Luckily, I loved the song, playing it over and over again, trying to figure out the story line. No matter how hard I concentrated, I’d get confused by the plot: murder, multiple infidelities, and corrupt judges… hard for a 7-year old to keep it straight. But all this confusion and misunderstanding just added to the allure, and that chorus was undeniable!

Things got even more intriguing when two teenagers in the apartment complex overheard me singing the song while out riding my bike. Jackie and Janel stopped me to ask if I knew “what that song means.” I was too thrilled to have junior high kids purposely talking to me to give an intelligible response, but it didn’t matter, because they started talking animatedly between themselves about plot points, and “pot” and getting in trouble for sneaking off with boys.

I asked a question about this last point, and they came back to the reality of talking in front of a dumb grade schooler and went silent, staring at me. Finally, Janel said, “This song has real deep meaning for me, and I can’t tell you why. It’s a secret. And you wouldn’t even understand if I told you.”

With that, Jackie and Janel looked at each other and began laughing uproariously as they walked away from me. This sent me back home for a few more listens to the song, trying to unlock Janel’s secret… did she kill someone? From then on, I stayed far away from those two, but watched Janel with a cautious eye because, well, what if she was a murderer?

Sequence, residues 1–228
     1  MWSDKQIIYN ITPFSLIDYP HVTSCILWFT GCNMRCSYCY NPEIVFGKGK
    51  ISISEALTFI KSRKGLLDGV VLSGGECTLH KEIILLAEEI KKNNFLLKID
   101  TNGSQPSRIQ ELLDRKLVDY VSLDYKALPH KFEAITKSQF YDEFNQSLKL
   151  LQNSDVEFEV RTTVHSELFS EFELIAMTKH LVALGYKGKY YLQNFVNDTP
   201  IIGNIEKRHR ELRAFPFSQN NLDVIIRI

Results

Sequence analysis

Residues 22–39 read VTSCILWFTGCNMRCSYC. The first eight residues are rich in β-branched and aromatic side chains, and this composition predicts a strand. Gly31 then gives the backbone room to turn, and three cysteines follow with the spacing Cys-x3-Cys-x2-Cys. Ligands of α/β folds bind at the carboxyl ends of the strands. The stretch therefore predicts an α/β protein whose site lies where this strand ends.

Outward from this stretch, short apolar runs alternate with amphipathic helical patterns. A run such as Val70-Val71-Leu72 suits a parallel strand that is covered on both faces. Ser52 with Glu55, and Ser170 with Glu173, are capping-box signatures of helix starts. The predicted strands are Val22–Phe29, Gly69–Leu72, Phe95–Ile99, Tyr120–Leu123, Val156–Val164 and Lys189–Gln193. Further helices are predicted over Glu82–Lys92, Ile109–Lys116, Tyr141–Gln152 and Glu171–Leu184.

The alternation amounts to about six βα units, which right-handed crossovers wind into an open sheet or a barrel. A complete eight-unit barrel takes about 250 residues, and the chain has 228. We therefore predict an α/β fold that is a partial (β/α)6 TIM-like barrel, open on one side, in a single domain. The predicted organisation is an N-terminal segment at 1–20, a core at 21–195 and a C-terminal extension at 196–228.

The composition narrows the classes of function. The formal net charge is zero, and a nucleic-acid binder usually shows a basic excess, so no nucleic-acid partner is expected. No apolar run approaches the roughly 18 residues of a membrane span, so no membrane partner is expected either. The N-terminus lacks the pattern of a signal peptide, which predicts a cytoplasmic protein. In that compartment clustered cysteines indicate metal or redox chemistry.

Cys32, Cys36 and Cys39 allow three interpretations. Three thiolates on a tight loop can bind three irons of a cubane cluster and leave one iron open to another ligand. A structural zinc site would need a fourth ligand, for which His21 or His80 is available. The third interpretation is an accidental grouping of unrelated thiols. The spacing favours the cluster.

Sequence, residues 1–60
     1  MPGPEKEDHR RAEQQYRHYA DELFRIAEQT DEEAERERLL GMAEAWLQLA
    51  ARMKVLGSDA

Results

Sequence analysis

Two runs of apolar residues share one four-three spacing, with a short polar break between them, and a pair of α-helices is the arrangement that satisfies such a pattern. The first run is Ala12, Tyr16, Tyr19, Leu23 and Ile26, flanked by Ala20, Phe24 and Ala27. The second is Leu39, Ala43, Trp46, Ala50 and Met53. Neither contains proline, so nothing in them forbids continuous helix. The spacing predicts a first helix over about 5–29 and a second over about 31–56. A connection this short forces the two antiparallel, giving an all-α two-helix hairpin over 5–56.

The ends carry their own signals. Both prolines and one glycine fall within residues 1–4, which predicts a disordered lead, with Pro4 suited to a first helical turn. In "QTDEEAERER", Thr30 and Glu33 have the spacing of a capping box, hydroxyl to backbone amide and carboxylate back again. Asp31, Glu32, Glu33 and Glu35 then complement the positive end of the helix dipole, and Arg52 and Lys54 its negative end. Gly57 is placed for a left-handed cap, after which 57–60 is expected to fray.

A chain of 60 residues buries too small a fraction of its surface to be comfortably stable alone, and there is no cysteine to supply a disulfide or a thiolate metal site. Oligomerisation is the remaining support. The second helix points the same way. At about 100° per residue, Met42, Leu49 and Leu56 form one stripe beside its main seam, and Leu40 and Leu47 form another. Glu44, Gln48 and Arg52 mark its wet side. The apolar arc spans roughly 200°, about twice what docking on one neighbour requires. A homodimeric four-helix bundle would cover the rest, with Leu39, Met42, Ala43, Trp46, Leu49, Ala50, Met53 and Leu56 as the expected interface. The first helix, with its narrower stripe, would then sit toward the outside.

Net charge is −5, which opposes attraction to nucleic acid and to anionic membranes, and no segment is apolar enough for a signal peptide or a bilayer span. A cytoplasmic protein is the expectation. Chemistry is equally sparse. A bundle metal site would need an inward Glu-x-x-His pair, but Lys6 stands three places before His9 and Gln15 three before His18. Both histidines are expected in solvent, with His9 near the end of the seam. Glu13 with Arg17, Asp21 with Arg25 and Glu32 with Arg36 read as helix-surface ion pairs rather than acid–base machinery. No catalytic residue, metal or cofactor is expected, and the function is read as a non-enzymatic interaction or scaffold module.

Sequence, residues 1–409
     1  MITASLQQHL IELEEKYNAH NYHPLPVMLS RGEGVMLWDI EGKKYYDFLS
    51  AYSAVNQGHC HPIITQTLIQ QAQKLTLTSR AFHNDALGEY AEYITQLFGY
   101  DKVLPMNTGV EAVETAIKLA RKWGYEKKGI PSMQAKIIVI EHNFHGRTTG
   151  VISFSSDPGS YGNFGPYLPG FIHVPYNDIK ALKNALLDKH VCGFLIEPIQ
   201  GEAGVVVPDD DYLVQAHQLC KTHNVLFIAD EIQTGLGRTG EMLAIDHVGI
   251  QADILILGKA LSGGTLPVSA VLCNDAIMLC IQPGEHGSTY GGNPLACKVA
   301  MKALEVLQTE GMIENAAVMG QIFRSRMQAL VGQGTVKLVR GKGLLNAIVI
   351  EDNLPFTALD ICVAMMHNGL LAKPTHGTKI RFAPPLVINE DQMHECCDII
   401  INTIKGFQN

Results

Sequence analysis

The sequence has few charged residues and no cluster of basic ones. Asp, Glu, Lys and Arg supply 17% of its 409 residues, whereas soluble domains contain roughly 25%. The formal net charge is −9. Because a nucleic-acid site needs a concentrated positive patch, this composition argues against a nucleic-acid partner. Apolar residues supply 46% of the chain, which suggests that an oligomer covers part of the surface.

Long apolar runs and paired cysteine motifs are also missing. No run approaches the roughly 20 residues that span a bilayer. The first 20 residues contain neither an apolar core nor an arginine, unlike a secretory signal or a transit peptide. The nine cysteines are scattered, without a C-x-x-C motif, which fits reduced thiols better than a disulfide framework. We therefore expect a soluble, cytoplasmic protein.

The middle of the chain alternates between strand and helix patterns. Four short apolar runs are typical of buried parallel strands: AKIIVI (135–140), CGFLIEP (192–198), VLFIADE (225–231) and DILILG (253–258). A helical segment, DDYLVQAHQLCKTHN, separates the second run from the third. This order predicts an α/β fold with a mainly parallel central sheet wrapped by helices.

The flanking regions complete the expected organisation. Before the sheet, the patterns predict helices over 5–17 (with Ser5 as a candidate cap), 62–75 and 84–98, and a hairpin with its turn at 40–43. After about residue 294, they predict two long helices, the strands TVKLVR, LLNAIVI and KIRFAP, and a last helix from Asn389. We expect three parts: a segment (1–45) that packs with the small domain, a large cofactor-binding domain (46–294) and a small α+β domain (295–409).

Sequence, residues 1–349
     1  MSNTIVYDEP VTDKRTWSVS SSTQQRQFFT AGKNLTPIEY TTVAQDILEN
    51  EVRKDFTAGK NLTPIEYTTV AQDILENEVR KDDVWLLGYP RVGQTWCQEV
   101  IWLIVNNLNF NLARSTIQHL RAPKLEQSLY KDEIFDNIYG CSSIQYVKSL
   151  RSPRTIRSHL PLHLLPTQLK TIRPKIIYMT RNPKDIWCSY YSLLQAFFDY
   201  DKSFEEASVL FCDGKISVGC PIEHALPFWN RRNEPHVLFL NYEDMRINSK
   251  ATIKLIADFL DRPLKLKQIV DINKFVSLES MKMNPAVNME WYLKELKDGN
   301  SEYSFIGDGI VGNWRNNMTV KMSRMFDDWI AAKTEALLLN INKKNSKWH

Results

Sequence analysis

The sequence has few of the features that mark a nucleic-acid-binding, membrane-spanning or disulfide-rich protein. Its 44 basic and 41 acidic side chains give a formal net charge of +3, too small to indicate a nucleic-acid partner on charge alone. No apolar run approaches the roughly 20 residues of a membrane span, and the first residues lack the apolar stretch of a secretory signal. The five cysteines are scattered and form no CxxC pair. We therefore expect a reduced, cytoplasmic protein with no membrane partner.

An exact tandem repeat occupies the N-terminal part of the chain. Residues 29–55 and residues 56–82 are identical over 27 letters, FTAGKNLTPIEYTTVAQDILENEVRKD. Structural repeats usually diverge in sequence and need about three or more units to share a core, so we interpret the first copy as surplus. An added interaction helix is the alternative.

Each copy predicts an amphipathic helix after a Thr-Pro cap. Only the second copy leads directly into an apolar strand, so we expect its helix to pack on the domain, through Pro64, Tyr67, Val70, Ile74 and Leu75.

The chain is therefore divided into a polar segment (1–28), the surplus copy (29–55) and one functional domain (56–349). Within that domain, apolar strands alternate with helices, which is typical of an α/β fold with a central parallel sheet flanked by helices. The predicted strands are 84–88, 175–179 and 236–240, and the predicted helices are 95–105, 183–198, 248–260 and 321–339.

Hear the song.
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February 1973: THE O'JAYS - Love Train


Bell bottoms. Flares. Elephant flares. All the older kids in the apartment complex wore them, as did so many of the dancers on American Bandstand and Soul Train. I wanted a pair, real bad, and I finally got a pair!

They were elephant flares, of a dark blue, light weight denim. They made the most satisfying thwap thwap sound when I walked, and they swayed magnificently when (figuratively) joining hands with the kids on Soul Train to form a “Love Train.”

I loved those “dancing pants,” they made me feel as cool as those kids on TV. I started asking for platforms and an afro. I was told no, and “don’t let your father hear you say that.”

I understood what my Mother meant – my Dad didn’t like blacks, and he wouldn’t dig my burgeoning Black Pride. But everything he’d say about them didn’t seem to apply to the black kids I knew from school. This marked the first time I knew my Dad was wrong about something, and my elephant flare dancing pants became a symbol for “Father Does Not Know Best.”



Watch a Soul Train line dance to "Love Train."